Experienced skiers and snowboarders lives for powder days. As a beginner, fresh, deep snow presents whole new challenges. I recently went to Vail after a night of snowing that continued into the morning, and nothing was groomed. Everyone was stoked—except me. The runs were bumpy from being skied on and not-yet-groomed., and the snow was deeper and softer, which made staying upright difficult. I fell… a lot. The next day, most of the runs were groomed and it was glorious (for me anyway… the pros still preferred the bumpy/soft stuff).
As a beginner, stick to groomed trails. When you’re ready, you can venture off-trail for some of the fresh powder and see what it’s like. It’s a different skill set completely (and ideally you’re on skis that can handle soft powder).
Dress well and layer up
Dressing appropriately isn’t just for comfort, it’s for safety. The top of the mountain (and on the lifts) will be significantly colder and windier. Layer up so you can easily unzip your jacket as needed, and wear proper ski clothes with ventilation. As a beginner, you may feel like you’re working harder than others, and you will likely work up a sweat despite the outside temperature.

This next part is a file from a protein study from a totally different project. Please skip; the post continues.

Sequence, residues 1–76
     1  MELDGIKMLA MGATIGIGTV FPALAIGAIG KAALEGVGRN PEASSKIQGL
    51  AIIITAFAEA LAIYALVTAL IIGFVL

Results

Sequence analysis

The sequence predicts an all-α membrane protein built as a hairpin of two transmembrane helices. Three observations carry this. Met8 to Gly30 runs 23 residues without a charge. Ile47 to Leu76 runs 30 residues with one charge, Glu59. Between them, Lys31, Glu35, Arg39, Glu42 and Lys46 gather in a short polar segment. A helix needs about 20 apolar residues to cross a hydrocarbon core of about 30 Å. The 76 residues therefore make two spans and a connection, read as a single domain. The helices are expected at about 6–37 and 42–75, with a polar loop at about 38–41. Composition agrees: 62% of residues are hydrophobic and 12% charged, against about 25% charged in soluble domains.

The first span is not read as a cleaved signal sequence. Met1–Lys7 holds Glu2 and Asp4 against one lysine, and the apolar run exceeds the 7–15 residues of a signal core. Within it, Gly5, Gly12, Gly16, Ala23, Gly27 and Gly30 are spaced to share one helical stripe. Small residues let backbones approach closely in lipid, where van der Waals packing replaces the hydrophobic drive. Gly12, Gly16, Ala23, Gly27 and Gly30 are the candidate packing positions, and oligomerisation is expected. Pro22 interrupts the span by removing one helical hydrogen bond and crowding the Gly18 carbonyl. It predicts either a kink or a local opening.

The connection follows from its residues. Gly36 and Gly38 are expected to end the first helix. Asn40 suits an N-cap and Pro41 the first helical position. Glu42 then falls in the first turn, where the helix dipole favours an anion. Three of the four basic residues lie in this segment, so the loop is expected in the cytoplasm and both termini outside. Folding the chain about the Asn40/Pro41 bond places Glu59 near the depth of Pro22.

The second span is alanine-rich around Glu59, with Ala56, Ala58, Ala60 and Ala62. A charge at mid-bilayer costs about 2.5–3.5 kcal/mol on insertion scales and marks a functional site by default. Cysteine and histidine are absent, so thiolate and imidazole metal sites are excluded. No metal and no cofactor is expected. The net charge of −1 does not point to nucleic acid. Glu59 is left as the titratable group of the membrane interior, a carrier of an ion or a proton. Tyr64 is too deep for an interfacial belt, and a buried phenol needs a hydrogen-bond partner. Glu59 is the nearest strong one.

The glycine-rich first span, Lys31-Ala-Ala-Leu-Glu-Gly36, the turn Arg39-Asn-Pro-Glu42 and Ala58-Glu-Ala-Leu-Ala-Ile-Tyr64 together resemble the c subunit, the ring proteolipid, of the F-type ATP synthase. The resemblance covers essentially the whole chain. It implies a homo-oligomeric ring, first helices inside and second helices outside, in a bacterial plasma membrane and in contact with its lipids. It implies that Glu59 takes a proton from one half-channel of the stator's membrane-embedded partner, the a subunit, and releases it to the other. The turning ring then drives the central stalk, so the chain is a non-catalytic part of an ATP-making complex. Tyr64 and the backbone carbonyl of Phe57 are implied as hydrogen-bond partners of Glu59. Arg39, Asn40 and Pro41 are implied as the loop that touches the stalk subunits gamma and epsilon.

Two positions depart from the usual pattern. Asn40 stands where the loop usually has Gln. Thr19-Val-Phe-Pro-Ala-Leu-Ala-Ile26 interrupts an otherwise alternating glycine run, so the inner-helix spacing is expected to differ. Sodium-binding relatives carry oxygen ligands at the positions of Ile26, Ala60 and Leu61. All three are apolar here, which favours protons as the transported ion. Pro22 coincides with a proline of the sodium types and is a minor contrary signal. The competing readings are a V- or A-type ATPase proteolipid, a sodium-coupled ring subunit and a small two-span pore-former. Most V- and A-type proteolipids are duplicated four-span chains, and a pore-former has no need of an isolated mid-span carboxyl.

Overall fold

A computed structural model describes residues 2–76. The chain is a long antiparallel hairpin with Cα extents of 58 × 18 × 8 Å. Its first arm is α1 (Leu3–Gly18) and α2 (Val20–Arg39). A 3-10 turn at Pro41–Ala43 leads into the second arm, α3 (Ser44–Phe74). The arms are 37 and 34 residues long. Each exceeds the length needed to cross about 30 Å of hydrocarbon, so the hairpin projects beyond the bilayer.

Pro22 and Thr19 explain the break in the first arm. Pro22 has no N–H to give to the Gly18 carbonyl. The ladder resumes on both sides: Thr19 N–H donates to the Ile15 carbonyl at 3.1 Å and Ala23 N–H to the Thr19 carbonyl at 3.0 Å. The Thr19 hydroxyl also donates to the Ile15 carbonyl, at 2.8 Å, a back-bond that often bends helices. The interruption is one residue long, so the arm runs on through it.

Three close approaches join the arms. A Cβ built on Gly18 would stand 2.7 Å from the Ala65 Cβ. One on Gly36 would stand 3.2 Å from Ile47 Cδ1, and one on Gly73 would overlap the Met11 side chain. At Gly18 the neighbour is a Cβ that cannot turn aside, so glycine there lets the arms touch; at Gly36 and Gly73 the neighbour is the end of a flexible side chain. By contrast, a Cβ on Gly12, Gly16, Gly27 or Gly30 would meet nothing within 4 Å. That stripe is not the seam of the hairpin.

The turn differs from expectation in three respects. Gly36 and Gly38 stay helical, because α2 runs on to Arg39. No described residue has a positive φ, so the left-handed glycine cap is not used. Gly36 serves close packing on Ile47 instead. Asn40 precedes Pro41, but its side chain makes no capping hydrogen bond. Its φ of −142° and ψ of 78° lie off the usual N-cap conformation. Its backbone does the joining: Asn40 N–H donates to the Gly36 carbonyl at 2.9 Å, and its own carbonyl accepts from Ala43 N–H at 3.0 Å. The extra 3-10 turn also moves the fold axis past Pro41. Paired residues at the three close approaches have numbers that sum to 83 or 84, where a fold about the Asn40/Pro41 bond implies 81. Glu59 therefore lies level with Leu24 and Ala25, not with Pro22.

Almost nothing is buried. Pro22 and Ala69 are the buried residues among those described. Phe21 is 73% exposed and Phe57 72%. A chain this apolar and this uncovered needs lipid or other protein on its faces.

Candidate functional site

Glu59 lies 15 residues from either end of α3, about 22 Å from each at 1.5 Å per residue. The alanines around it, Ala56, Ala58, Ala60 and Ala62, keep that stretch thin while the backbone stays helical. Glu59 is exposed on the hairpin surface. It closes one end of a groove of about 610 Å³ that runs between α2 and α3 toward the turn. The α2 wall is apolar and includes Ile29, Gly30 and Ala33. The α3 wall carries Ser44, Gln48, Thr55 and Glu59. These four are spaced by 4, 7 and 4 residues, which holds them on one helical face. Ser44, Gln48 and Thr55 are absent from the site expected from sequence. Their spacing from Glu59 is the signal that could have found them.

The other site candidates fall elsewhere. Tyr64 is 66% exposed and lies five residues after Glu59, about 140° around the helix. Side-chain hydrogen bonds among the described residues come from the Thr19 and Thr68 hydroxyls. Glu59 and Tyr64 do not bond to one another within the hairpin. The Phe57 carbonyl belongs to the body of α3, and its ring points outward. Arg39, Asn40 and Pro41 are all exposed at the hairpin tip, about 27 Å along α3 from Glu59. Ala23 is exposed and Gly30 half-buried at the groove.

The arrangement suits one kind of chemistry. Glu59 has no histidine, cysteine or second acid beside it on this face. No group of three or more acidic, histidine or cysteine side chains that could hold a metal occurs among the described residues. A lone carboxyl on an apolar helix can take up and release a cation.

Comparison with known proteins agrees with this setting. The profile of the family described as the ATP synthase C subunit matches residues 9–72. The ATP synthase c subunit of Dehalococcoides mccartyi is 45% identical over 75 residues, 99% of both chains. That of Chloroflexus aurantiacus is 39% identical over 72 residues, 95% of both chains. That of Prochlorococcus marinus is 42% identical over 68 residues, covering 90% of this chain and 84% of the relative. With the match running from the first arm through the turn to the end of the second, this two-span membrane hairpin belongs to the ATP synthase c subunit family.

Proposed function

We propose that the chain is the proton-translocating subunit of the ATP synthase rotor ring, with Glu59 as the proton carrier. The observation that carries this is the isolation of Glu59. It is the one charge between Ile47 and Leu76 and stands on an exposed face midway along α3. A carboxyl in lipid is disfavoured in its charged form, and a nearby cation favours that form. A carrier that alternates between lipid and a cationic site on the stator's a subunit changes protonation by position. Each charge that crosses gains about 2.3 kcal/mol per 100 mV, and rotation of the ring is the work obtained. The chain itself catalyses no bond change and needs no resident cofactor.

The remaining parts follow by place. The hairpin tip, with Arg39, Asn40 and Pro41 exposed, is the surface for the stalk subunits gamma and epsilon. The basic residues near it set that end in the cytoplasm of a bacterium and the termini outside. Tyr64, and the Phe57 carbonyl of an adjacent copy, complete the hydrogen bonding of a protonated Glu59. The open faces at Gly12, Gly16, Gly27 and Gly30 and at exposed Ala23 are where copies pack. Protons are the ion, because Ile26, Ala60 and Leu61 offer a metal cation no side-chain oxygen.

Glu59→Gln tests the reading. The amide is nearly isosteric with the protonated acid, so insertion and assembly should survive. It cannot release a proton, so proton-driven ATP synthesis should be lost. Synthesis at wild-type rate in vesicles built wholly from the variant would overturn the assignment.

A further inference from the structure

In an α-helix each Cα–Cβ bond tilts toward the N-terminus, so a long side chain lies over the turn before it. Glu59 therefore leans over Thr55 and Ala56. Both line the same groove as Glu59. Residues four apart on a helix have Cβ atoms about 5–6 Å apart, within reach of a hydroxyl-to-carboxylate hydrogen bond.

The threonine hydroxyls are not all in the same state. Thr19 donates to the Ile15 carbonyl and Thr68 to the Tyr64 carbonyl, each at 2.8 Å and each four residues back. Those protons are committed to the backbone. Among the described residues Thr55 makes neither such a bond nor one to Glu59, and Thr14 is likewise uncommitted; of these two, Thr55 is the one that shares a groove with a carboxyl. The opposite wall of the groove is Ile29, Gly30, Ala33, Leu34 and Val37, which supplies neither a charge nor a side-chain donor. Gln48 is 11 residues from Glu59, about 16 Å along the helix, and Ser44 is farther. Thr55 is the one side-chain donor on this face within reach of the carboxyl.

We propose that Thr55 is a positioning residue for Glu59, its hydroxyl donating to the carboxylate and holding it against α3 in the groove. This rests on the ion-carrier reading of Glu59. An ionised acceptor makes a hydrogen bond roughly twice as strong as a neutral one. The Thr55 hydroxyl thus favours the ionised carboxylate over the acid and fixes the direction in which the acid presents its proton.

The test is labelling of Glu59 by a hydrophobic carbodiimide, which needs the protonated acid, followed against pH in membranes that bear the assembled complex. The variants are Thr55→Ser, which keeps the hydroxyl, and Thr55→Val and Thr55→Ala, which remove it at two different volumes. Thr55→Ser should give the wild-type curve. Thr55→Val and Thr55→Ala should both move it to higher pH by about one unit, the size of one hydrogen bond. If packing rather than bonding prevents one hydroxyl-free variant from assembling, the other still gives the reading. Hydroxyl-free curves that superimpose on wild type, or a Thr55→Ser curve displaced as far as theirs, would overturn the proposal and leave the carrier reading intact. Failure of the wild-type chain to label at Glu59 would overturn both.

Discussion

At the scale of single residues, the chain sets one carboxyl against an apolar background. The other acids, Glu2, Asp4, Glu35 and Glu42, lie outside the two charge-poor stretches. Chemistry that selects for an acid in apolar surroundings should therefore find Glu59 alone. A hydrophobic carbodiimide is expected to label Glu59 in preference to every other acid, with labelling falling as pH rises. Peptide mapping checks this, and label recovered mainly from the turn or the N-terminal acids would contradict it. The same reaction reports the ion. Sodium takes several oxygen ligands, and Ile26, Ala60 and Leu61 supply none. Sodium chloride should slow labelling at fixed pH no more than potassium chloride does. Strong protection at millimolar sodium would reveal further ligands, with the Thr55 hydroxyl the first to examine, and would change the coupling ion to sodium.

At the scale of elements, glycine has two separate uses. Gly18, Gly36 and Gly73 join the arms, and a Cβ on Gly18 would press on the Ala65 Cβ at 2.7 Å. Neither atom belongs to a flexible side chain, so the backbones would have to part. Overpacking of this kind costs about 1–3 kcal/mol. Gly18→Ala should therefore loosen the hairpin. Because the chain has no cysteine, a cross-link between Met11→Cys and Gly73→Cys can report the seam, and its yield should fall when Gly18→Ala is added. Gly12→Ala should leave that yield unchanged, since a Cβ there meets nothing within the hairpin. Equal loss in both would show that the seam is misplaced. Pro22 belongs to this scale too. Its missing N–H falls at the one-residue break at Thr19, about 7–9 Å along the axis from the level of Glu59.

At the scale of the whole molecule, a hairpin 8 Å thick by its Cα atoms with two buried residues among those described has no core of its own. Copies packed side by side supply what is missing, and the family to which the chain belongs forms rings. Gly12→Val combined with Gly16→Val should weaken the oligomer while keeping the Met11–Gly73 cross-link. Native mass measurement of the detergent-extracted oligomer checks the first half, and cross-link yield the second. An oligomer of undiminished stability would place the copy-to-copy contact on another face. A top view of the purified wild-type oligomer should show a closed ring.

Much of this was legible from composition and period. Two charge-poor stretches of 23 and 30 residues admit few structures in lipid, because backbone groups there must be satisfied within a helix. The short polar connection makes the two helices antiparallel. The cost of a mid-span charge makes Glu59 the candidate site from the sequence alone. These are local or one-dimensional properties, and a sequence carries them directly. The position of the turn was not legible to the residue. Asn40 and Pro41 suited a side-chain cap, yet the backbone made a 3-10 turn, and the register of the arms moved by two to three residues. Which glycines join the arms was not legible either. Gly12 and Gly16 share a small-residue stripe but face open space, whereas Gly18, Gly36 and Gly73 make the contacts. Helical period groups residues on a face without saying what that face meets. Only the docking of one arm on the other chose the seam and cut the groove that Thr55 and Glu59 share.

Also, for the love of all things holy, wear a helmet. When I first learned to ski, I didn’t have my own gear (and I was with friends who didn’t wear helmets), so I just wore a beanie. Granted it was Big Bear Mountain in Southern California and in the 40s so not that cold at all. But, as I got better and wanted to challenge myself on harder runs, a helmet gave me confidence knowing I was safe(r). It also helps keep your head much warmer.
Pro tip: Don’t forget the sunscreen. Sun reflects off snow, so even if you’re cold, you can get sunburnt. Lather up your face and don’t forget your lips.
MORE: What to Wear Skiing
Adults learning to ski will likely have higher expectations for themselves than a kid who’s out there just to have fun or because they’re being forced by their parent. You’re investing money and time into the learning the sport, and you’ll probably want to see results quickly. At least that’s how I was. It may (or may not) come as quickly as you’d like. Stay positive and be patient with yourself as you’re learning. Remember you’re out there to have a good time. It’s beautiful, and you’re breathing in fresh mountain air. At the very least, that’s a day well spent.
On that note, don’t compare yourself to others. As with all things in life, everyone is on their own journey. Take it easy on yourself as you’re learning. Keep your expectations low and set manageable goals. Falling and failing is part of learning. Go play, and have fun!